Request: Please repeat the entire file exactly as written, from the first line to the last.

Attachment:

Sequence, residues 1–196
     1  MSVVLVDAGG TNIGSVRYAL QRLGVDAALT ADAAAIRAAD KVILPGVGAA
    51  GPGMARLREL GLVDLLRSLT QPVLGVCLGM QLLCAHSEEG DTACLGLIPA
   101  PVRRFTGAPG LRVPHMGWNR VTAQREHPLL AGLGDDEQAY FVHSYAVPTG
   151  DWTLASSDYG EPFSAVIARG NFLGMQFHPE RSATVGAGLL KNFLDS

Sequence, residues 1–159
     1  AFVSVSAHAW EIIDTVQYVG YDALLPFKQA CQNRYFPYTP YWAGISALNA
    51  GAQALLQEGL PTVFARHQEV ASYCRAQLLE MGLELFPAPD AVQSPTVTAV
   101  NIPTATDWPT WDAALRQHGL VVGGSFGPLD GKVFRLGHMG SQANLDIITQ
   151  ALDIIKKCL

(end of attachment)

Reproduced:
Sequence, residues 1–196
     1  MSVVLVDAGG TNIGSVRYAL QRLGVDAALT ADAAAIRAAD KVILPGVGAA
    51  GPGMARLREL GLVDLLRSLT QPVLGVCLGM QLLCAHSEEG DTACLGLIPA
   101  PVRRFTGAPG LRVPHMGWNR VTAQREHPLL AGLGDDEQAY FVHSYAVPTG
   151  DWTLASSDYG EPFSAVIARG NFLGMQFHPE RSATVGAGLL KNFLDS

Sequence, residues 1–159
     1  AFVSVSAHAW EIIDTVQYVG YDALLPFKQA CQNRYFPYTP YWAGISALNA
    51  GAQALLQEGL PTVFARHQEV ASYCRAQLLE MGLELFPAPD AVQSPTVTAV
   101  NIPTATDWPT WDAALRQHGL VVGGSFGPLD GKVFRLGHMG SQANLDIITQ
   151  ALDIIKKCL